A descent into Hell is triggered when "Ex-Lord" Donald Brocklebank finds that he must leave Longleigh House for London to find a way to pay for the medical treatments for his wife Nancy. ... See full summary »
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After breaking-up with his girlfriend Veronica, the unemployed John Hare rents a cheap room in an old boarding house owned by the nice Martin Stone and the landlord tells him that the house... See full summary »
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A descent into Hell is triggered when "Ex-Lord" Donald Brocklebank finds that he must leave Longleigh House for London to find a way to pay for the medical treatments for his wife Nancy. Alone, his over-protected, delusional, adult son, James, fancies himself in charge of the manor house with his terminally ill mother, and barricades the two of them into the house for a series of ever more panicked home treatments, mistakenly protecting her from the arrival of Nurse Mary and any outside help. Written by
The Longleigh House location was once a World War I hospital, the Hawtreys School for young men, and then was run as a drug rehabilitation clinic. Local reports are that at least three ghosts, an old woman, a soldier, and a child who fell 75 feet while sliding down the banisters, still inhabit the Tottenham House near Savernake, England. See more »
Hello? Hello? Yes, yes I know. No, I didn't know that. No, that's not good at all. No, she doesn't know. Hmm. Hmm. Exactly. Okay, goodbye.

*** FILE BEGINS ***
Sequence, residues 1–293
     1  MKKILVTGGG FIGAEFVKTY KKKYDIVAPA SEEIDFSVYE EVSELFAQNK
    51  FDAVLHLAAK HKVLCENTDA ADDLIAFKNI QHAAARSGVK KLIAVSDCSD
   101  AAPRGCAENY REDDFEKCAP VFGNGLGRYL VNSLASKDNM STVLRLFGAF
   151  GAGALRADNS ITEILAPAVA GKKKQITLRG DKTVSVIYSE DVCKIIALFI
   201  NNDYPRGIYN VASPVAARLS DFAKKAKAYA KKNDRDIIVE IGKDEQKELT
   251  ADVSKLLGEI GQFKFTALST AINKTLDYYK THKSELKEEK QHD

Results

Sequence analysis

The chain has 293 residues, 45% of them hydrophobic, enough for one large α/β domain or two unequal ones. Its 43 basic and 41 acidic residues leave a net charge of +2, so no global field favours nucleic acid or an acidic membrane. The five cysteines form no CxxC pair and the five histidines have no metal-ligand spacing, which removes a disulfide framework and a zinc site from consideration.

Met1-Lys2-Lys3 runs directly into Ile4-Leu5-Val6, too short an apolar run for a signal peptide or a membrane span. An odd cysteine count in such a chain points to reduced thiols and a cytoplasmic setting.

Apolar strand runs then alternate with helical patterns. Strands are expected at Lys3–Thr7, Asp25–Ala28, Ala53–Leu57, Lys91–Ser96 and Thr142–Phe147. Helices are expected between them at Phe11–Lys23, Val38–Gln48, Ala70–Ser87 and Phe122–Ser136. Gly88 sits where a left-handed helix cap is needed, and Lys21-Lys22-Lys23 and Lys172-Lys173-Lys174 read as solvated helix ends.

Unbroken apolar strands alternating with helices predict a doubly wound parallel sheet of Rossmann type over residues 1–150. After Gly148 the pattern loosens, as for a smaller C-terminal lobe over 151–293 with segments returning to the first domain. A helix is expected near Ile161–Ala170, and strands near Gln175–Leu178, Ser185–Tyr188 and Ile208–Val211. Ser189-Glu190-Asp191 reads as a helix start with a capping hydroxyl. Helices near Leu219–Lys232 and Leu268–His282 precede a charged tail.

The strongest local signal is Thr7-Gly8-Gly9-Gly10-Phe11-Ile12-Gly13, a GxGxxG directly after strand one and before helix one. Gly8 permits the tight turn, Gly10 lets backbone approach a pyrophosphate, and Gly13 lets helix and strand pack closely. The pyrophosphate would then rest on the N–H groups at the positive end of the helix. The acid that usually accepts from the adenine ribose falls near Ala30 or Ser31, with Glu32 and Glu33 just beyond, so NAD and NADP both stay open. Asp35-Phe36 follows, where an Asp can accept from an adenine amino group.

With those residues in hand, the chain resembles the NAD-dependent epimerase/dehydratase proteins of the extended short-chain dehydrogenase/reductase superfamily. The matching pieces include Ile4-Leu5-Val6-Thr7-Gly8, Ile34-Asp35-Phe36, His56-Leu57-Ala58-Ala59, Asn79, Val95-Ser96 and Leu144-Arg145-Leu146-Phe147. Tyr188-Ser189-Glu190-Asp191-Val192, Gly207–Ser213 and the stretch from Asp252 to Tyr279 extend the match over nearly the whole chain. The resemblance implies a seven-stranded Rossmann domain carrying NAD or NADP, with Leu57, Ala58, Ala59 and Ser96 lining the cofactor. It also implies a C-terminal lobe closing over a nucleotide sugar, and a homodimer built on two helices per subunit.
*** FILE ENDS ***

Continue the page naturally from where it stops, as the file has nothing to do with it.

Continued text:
They going to make it?
No, they're not.
Can I look after mummy this time.
I'm not going away.
But you always say that, you always do.
Some one's at the door!
Stop James, I said stop!
[...] See more »
Unique and Stunning Film Reminiscent of Unclassifiable 1970s Classic
Simon Rumley's "The Living and the Dead" is the kind of film I would not have expected to come out in 2006. While a drama at its core, the movie is constructed of so many other narrative and cinematic nuances and is so possessed by a kind of punk spirit that it looks and feels like it could have been one of the unclassifiable classics of the 1970s. Although only a few final episodes in the life of an aristocratic English family with a mentally ill son are illustrated, these scenes are enough through which to surrealistically distill the gradual and eventual disintegration of their lives into madness and tragedy. This portrayal of tragedy is one of the characteristics that particularly makes this film so interesting. That's not to say that there is not also the element of comedy in this film. The son's character is one that many would consider humorous, at least from a distance. But Rumley takes us deep enough into the life of the son--his private words and behavior, his relationship with his parents, his drug usage, even his dreams--until our laughter is long left behind for more serious thoughts of sympathy and fear. It is as easy to emotionally respond to this film as it is to think about it on an intellectual level, as the simple yet sophisticated dialogue is brilliantly executed and perfectly compliments the literary screenplay, professional directing, artful cinematography, and everything else that makes this film as worthy of viewing as many of the unique favorites of the past.
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